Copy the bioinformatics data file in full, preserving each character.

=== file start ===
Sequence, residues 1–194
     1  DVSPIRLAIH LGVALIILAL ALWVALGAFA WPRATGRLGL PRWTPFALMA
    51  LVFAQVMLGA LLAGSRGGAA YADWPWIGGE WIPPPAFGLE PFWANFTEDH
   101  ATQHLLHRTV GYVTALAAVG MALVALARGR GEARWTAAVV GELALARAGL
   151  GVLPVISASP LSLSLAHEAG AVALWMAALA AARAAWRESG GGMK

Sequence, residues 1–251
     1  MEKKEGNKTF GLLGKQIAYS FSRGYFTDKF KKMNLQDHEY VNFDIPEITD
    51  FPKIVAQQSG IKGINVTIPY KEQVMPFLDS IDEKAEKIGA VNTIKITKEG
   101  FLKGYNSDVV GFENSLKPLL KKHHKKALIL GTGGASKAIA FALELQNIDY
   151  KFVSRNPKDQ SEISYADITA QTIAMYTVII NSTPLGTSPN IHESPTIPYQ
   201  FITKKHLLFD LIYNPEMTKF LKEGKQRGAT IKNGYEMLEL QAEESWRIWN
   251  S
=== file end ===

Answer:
Sequence, residues 1–194
     1  DVSPIRLAIH LGVALIILAL ALWVALGAFA WPRATGRLGL PRWTPFALMA
    51  LVFAQVMLGA LLAGSRGGAA YADWPWIGGE WIPPPAFGLE PFWANFTEDH
   101  ATQHLLHRTV GYVTALAAVG MALVALARGR GEARWTAAVV GELALARAGL
   151  GVLPVISASP LSLSLAHEAG AVALWMAALA AARAAWRESG GGMK

Sequence, residues 1–251
     1  MEKKEGNKTF GLLGKQIAYS FSRGYFTDKF KKMNLQDHEY VNFDIPEITD
    51  FPKIVAQQSG IKGINVTIPY KEQVMPFLDS IDEKAEKIGA VNTIKITKEG
   101  FLKGYNSDVV GFENSLKPLL KKHHKKALIL GTGGASKAIA FALELQNIDY
   151  KFVSRNPKDQ SEISYADITA QTIAMYTVII NSTPLGTSPN IHESPTIPYQ
   201  FITKKHLLFD LIYNPEMTKF LKEGKQRGAT IKNGYEMLEL QAEESWRIWN
   251  S